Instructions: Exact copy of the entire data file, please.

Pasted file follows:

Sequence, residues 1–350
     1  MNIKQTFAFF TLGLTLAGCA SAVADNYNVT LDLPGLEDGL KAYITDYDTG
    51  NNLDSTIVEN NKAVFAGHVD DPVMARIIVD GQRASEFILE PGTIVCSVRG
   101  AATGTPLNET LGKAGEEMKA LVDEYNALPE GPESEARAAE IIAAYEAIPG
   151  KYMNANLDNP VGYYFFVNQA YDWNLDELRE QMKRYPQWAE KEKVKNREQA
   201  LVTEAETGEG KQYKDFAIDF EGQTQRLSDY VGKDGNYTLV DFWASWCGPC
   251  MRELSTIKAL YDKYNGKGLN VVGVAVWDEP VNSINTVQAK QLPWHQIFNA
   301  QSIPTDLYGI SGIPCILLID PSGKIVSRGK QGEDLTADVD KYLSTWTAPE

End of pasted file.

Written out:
Sequence, residues 1–350
     1  MNIKQTFAFF TLGLTLAGCA SAVADNYNVT LDLPGLEDGL KAYITDYDTG
    51  NNLDSTIVEN NKAVFAGHVD DPVMARIIVD GQRASEFILE PGTIVCSVRG
   101  AATGTPLNET LGKAGEEMKA LVDEYNALPE GPESEARAAE IIAAYEAIPG
   151  KYMNANLDNP VGYYFFVNQA YDWNLDELRE QMKRYPQWAE KEKVKNREQA
   201  LVTEAETGEG KQYKDFAIDF EGQTQRLSDY VGKDGNYTLV DFWASWCGPC
   251  MRELSTIKAL YDKYNGKGLN VVGVAVWDEP VNSINTVQAK QLPWHQIFNA
   301  QSIPTDLYGI SGIPCILLID PSGKIVSRGK QGEDLTADVD KYLSTWTAPE